I am not a fan of the idea of champion versus champion superfights that every MMA journalist is talking about.

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It seems that everyone in the MMA world wants to pretend that the arduous weight cuts which fighters put themselves through are purely formalities, and that fighters who work their hardest to fight as the biggest men in their weight classes would happily go up and have no problem against the champion in the class above.

While the superfights are never going to happen because they are simply terrible business strategy, I have received an awful lot of requests to look at the hypothetical variables of a bout between UFC middleweight demigod Anderson Silva and light heavyweight phenom Jon Jones. 

As a preface, Anderson Silva is the greatest striker in MMA, and I wholeheartedly believe that.

Unfortunately, a good striker will not pretend reach, size and the availability and risk of a tie-up mean nothing. If you are expecting an article where I hype up both sides and end with "this really is anyone"s fight," you"re going to be heartbroken.



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It should be no secret that Jon Jones will have a definitive advantage in the wrestling department.

Not only is Jones known as the best wrestler in his division, but Silva"s most obvious Achilles" heel is his difficulty in stopping takedowns from elite takedown artists. While Silva had some success against Chael Sonnen in stopping takedowns—albeit with some grabbing of Sonnen"s shorts—Jones will also have a massive size and strength advantage.

Much of Silva"s success against wrestlers who enjoy getting takedowns from the clinch (such as Yushin Okami) has come from his use of a striking-based counter-clinch.

Silva will place his back to the fence and work to get his forearms in front of his opponent"s collar bones in order to take a double collar tie on the neck and work for separation and space to land brutal knees to the rib cage.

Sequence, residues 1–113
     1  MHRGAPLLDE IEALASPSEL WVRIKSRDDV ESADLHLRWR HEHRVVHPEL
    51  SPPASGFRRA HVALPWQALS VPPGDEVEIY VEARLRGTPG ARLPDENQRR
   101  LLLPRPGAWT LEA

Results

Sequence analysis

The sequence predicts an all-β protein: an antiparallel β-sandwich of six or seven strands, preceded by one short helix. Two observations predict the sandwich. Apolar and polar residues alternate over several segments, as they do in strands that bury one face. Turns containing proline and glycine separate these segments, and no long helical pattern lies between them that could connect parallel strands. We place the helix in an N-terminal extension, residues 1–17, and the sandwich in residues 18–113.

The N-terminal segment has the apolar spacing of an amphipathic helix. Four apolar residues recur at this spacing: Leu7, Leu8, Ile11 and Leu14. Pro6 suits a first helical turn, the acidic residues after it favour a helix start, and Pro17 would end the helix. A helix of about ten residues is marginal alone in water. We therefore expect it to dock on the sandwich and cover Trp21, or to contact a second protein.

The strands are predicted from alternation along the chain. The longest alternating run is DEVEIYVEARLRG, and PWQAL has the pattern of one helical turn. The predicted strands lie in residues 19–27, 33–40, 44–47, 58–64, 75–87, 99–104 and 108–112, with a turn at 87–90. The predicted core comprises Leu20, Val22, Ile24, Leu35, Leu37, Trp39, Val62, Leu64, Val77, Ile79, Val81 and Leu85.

Jones" work from the clinch is also excellent. He combines brilliant trips and balance breaks with opportunities to break away and strike. A staple of the Jones game which we have seen numerous times is him placing an opponent"s back on the fence, pushing under their chin with one or both hands to pin them in place and create space before spinning for an elbow strike. 

Though Anderson Silva had the technique to counter the strength of natural 205-pounder Stephan Bonnar, the fact is that Bonnar is not a very good wrestler or striker. Every time Bonnar leaned on Silva, he would pop Bonnar"s head up with a shoulder bump or turn him into the fence and connect on a hard knee.

Jones, meanwhile, is technically elite in both regards, in addition to being a huge 205-pound fighter. 

Much of Silva"s ability to stay off his back in his bouts since entering the UFC has come not from his actual counter wrestling, but from his positioning and footwork.

While Silva has improved exponentially as a fighter since his days in PRIDE and Shooto, fighting in a ring really worked to his disadvantage. In the cage, there are no significant corners, and Silva can move around freely without hitting a wall unless he is physically pushed on to it.

Cutting off the cage is still a poorly practiced skill across MMA, but Jones has shown to be at least decent at it. He managed to move Lyoto Machida—almost identical to Silva in his use of footwork to take away the possibility of takedowns—onto the fence with a well-placed slip and clinch (gif of that here.)